Title

The Effects of Media Differences and Expertise on Deception Detection Accuracy

Campus Units

Supply Chain and Information Systems

Document Type

Article

Publication Version

Accepted Manuscript

Publication Date

2019

Journal or Book Title

Journal of the Midwest Association for Information Systems

Volume

2019

Issue

1 - Article 5

First Page

69

Last Page

80

DOI

1017705/3jmwa.000048

Abstract

Deception is a common part of everyday communication. Most of the research on deception has focused on face-to-face communication, but today most communication is mediated, taking the form of email, texting, and videoconferencing. We have a limited understanding of the relationship between media and deception detection. Computer-mediated communication is also a staple of many business practices, as is the case for modern human resource management (HRM). Deception in HRM can have long-lasting effects in organizations, if recruiting leads to hiring the wrong people. However, people are not very good at detecting deception, regardless of the media used. Further, individual differences, such as expertise, do not seem to matter in detection efforts. Despite their experience and training, experts are no better than novices at detecting deception. So, what is the role played by media in deception detection success, and does that success vary by experience? Comparing HR experts to students on a deception detection task, we found that experts performed no better than novices. Further, all participants were more successful at detection when viewing audiovisual interview segments than when listening to audio only segments.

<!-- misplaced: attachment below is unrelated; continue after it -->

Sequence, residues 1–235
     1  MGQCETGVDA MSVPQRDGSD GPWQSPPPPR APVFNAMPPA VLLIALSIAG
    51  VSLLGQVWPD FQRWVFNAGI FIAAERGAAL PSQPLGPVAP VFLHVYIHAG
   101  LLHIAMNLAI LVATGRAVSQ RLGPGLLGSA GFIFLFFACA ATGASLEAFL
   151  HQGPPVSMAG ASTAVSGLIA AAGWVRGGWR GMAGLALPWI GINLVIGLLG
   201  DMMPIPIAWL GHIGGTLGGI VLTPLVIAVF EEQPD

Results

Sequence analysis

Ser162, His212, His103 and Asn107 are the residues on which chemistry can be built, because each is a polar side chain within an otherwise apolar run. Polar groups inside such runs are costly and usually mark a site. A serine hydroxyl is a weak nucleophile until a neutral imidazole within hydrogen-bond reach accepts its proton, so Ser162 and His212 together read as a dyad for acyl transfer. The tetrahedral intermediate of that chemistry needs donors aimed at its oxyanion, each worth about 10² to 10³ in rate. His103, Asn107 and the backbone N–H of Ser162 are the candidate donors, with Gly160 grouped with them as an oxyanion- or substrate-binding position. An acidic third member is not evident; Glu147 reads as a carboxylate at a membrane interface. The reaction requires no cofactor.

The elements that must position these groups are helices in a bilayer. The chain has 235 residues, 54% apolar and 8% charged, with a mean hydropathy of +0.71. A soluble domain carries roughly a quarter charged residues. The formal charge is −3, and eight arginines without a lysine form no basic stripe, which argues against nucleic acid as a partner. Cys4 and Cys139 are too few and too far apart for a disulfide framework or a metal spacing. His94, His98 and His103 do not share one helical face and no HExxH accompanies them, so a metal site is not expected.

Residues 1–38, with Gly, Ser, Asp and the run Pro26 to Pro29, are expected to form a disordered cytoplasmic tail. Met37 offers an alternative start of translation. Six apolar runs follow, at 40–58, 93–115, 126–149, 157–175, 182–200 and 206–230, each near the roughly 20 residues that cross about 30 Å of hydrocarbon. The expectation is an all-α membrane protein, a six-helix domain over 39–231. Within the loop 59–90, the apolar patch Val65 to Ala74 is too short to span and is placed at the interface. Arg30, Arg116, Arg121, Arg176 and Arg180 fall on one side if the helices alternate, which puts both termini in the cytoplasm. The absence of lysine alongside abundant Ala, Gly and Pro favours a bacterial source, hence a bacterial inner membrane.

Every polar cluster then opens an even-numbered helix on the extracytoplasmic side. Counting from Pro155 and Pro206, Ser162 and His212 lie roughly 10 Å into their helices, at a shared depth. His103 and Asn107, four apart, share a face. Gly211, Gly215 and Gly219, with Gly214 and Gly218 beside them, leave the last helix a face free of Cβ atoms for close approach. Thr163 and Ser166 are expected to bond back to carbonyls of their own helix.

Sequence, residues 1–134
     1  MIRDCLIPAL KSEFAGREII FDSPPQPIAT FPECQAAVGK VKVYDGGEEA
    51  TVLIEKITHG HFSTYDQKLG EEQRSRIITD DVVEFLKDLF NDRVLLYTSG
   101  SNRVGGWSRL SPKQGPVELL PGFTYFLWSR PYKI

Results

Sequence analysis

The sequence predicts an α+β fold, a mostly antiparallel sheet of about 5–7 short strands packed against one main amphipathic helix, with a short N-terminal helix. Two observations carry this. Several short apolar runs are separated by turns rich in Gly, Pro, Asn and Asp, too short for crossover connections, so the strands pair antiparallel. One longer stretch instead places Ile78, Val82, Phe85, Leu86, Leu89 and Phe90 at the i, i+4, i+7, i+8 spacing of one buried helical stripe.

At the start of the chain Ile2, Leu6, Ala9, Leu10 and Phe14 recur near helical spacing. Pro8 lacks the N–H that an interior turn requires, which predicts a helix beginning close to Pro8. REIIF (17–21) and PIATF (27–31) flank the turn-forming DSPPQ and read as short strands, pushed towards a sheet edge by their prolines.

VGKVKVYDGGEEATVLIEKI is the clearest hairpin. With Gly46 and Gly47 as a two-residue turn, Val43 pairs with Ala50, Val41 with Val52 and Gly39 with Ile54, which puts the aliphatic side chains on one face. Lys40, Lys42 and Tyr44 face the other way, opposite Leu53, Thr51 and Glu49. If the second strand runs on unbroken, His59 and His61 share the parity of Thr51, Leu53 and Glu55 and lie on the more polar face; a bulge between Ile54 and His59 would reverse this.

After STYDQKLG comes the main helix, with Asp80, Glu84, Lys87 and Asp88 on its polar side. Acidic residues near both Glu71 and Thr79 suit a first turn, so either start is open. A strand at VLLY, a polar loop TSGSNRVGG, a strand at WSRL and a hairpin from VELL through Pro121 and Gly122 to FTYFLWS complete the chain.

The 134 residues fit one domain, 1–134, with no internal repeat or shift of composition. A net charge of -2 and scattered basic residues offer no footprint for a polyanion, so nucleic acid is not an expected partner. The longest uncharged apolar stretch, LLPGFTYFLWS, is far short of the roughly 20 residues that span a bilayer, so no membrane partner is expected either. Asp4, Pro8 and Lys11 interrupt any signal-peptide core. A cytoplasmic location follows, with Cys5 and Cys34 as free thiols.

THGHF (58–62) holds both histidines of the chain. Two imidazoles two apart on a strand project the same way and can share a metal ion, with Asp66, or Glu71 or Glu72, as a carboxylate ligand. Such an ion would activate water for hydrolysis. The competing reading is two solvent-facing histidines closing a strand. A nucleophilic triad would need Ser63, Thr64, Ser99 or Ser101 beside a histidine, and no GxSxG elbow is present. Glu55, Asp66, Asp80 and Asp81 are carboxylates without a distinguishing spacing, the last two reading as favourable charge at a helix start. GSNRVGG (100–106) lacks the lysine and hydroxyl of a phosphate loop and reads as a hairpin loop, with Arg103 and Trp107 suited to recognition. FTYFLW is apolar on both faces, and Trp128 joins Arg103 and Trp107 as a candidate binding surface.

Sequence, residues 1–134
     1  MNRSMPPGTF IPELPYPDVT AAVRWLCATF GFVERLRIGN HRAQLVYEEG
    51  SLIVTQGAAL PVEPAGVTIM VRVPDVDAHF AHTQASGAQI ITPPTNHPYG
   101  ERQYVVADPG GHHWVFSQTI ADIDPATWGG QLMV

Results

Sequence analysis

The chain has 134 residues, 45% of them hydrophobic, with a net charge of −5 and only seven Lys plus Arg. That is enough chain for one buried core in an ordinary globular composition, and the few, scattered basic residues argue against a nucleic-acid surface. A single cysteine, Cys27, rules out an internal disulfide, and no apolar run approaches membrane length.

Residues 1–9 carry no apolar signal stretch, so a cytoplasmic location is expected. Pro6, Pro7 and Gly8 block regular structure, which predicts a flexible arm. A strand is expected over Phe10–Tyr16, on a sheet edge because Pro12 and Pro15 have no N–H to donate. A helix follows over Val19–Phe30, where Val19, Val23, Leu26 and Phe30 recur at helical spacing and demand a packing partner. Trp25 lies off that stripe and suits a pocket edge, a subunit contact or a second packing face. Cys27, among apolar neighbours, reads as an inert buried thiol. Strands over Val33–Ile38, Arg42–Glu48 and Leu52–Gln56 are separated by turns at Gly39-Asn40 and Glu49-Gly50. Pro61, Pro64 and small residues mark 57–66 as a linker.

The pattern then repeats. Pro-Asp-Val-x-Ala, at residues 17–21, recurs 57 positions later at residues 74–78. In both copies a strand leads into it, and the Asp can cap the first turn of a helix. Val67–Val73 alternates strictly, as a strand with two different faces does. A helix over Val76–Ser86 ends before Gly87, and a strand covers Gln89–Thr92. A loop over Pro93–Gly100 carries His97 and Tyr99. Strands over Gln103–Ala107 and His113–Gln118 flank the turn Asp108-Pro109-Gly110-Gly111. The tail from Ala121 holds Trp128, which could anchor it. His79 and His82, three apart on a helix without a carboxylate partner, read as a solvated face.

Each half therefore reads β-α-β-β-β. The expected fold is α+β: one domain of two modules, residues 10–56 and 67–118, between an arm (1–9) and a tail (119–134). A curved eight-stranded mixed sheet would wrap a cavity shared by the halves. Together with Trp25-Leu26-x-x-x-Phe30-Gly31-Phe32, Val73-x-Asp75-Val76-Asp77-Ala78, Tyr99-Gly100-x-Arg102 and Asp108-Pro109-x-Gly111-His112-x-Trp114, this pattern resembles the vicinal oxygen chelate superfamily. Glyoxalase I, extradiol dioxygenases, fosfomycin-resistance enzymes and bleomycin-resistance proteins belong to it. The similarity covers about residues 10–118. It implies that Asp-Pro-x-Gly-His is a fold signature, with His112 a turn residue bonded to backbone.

Comments

This accepted article is published as George, Joey F. and Luo, Jie (2019) "The Effects of Media Differences and Expertise on Deception Detection Accuracy," Journal of the Midwest Association for Information Systems (JMWAIS): Vol. 2019 : Iss. 1 , Article 5. DOI: 10.17705/3jmwa.000048 Available at: https://aisel.aisnet.org/jmwais/vol2019/iss1/5

Copyright Owner

The Author(s)

Language

en

File Format

application/pdf

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